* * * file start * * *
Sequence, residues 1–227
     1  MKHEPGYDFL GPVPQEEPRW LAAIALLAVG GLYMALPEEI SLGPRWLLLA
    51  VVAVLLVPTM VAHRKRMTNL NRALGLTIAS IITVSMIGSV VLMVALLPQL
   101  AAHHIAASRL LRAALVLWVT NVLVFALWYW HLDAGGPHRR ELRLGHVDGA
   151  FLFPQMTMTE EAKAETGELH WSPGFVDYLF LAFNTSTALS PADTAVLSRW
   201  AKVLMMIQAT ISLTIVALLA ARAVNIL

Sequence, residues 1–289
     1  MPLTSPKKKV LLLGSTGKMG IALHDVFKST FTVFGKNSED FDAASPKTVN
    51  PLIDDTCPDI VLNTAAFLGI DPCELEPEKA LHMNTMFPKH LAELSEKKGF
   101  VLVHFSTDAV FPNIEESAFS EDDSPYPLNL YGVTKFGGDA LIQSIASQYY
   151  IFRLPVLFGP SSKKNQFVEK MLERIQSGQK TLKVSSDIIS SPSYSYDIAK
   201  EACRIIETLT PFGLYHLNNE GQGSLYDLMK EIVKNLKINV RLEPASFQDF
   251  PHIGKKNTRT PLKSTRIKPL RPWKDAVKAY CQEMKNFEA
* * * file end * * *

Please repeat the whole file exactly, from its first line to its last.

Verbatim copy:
Sequence, residues 1–227
     1  MKHEPGYDFL GPVPQEEPRW LAAIALLAVG GLYMALPEEI SLGPRWLLLA
    51  VVAVLLVPTM VAHRKRMTNL NRALGLTIAS IITVSMIGSV VLMVALLPQL
   101  AAHHIAASRL LRAALVLWVT NVLVFALWYW HLDAGGPHRR ELRLGHVDGA
   151  FLFPQMTMTE EAKAETGELH WSPGFVDYLF LAFNTSTALS PADTAVLSRW
   201  AKVLMMIQAT ISLTIVALLA ARAVNIL

Sequence, residues 1–289
     1  MPLTSPKKKV LLLGSTGKMG IALHDVFKST FTVFGKNSED FDAASPKTVN
    51  PLIDDTCPDI VLNTAAFLGI DPCELEPEKA LHMNTMFPKH LAELSEKKGF
   101  VLVHFSTDAV FPNIEESAFS EDDSPYPLNL YGVTKFGGDA LIQSIASQYY
   151  IFRLPVLFGP SSKKNQFVEK MLERIQSGQK TLKVSSDIIS SPSYSYDIAK
   201  EACRIIETLT PFGLYHLNNE GQGSLYDLMK EIVKNLKINV RLEPASFQDF
   251  PHIGKKNTRT PLKSTRIKPL RPWKDAVKAY CQEMKNFEA